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Student Wins DAR Essay Contests

Anna Gray writes of forgotten Revolutionary hero.

Thirteen-year-old Anna Gray discovered the story of unsung hero Sybil Ludington when she googled “Revolutionary War women” — and as Anna explains her choice, “She was the most interesting of the women I had not heard of.” Sybil Ludington was a 16-year-old girl who volunteered to gallop 40 miles through a cold damp night on horseback to warn American troops that the British were approaching.

The assignment was to write about “Forgotten Patriots Who Supported the American Struggle for Independence” for the Daughters of the American Revolution (DAR) annual American History Essay Contest. Anna, a seventh grade student at the Fourth Presbyterian School in Potomac, read her winning essay to the Goshen Mill DAR Chapter on Feb. 11, where she accepted a certificate and monetary award. That same day, they announced that her essay had also won the Maryland State Society DAR contest and she will receive her award on March 23. Her essay will now be entered in the Eastern Division contest and could advance to the national level.

Anna’s composition, “Teen Rides Forty Miles in Storm To Save Town” was written as a newspaper article for the Danbury Post Historic Special on the Revolutionary War of 1777. Under the name of “Annie Grayson, Staff Writer” she wrote the story of a young woman who most likely had many of the same feelings, thoughts and aspirations as Anna does today. Sybil wanted to be independent and to help her country, as well as her father, a colonel, in the fight against the British. When an exhausted messenger relayed the news that the British were soon planning to attack and burn Danbury, Conn., Sybil, a skilled horseback rider, volunteered for the dangerous mission. She rode from village to village shouting for the militia to meet at her house, since her tired father was mustering the troops. After her journey, she arrived back home to find that the men had all responded and were waiting for orders in her front yard. She was thrilled that they had listened and immediately responded.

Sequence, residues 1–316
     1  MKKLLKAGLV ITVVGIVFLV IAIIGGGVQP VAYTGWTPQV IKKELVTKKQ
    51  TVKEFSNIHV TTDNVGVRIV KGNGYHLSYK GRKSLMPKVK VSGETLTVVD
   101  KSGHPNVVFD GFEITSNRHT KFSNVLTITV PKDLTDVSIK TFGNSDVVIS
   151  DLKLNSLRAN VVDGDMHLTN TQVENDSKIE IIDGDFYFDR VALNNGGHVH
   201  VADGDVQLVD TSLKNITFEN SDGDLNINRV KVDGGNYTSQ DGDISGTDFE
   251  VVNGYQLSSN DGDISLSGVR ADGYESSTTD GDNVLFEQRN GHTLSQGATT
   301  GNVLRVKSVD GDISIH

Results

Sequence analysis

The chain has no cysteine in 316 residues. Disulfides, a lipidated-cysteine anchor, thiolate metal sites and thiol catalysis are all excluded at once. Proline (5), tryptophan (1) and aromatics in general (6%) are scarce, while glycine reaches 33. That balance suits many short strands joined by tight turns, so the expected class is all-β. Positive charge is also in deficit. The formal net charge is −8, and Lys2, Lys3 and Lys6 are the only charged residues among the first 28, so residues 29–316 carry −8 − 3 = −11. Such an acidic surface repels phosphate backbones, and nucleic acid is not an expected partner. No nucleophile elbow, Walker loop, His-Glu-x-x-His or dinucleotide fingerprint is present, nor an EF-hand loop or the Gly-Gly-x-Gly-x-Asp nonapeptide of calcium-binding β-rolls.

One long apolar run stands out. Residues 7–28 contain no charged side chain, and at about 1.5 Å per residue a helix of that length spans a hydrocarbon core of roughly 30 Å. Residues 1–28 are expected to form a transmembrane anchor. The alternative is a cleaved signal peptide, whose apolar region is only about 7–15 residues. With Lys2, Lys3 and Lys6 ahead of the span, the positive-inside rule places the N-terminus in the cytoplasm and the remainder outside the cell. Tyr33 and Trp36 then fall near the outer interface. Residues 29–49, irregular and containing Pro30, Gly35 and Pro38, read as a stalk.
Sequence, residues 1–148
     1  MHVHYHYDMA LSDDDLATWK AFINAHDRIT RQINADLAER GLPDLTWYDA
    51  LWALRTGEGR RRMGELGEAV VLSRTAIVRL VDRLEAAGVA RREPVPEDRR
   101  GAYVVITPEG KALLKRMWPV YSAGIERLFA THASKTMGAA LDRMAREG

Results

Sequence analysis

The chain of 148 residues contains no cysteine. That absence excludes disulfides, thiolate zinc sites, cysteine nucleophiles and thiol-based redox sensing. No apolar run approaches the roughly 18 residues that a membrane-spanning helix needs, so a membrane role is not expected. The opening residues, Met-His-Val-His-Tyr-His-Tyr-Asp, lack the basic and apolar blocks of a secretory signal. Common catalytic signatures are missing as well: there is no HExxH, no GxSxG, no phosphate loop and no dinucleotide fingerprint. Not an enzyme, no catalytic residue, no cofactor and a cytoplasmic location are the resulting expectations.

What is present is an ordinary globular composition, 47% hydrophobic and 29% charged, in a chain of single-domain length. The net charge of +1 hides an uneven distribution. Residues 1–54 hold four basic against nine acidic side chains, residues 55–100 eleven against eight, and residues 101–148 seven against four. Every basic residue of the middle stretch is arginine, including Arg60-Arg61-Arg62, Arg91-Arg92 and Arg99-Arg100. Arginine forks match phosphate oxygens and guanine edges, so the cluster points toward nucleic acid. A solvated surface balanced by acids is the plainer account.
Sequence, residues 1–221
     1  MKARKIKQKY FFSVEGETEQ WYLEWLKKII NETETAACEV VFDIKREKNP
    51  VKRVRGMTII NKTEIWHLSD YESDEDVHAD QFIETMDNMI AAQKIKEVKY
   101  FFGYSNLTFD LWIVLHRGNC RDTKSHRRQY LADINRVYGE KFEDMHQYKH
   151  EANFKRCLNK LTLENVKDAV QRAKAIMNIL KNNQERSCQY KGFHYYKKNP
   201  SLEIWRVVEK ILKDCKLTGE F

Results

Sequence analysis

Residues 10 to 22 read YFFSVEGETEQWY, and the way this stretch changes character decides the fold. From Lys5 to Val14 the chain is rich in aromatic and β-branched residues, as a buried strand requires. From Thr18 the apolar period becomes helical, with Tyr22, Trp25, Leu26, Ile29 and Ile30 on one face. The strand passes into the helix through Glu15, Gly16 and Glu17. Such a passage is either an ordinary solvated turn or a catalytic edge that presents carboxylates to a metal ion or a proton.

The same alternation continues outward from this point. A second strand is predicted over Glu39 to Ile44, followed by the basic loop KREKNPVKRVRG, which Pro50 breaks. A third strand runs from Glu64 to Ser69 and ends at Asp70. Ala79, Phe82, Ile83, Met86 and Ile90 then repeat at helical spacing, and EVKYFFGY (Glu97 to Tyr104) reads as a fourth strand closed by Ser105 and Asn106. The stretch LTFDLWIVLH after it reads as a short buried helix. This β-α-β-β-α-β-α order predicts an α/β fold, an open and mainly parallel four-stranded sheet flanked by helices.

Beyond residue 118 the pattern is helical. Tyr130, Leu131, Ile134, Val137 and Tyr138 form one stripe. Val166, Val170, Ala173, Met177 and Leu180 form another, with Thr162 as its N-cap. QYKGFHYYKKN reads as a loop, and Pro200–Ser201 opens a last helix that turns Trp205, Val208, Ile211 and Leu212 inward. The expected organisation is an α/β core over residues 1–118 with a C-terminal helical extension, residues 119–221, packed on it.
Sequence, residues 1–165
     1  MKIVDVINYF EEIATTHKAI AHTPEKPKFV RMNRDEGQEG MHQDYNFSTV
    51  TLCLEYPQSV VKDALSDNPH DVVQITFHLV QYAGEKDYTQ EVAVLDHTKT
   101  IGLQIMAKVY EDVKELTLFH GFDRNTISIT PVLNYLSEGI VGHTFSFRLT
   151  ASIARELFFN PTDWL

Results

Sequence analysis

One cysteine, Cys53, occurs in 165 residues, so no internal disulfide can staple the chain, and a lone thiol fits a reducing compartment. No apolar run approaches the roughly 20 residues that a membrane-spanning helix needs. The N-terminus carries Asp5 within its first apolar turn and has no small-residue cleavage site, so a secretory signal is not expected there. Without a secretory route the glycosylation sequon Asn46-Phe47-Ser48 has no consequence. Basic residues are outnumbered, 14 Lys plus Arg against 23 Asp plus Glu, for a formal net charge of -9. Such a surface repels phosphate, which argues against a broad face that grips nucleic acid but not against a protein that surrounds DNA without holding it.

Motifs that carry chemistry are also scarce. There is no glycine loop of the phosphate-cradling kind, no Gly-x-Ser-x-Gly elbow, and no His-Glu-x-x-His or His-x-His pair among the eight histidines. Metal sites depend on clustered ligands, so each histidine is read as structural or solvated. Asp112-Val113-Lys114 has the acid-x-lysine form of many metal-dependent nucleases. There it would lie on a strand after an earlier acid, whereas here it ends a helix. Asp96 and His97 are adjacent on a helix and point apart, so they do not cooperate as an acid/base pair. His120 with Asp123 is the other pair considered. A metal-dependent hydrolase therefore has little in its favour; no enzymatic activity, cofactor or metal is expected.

Anna wrote, “Her father later reflected on the extraordinary circumstances of his daughter’s daring ride. He was overwhelmed that a child of 16 could accomplish so much. He stated in his memoir ‘there is no extravagance in comparing her ride with that of Paul Revere and its midnight message.’ Unfortunately the troop was unable to stop the burning of Danbury on April 26, 1777. The 7th Duchess Militia joined the Continental Army, though, in the Battle of Ridgefield and was able to push the British back to their boats the next day.”

Anna also included that George Washington and the French Comte de Rochambeau visited Sybil’s house to thank her for her bravery. Her birthplace, Fredericksburgh changed its name to Ludingtonville and statues of her stand in Lake Glenieda and outside the Danbury Library. Anna states, “Sadly, after she died, she was only a quickly fading memory.”

The DAR American History Essay Contest was established to encourage young people in grades 5 – 8 to think creatively about the nation’s history and to learn about it in a new light. Essays are judged for historical accuracy, adherence to the topic, organization of materials, interest, originality, spelling, grammar, punctuation and neatness.

Anna is the daughter of Karen and Corey Gray of Bethesda.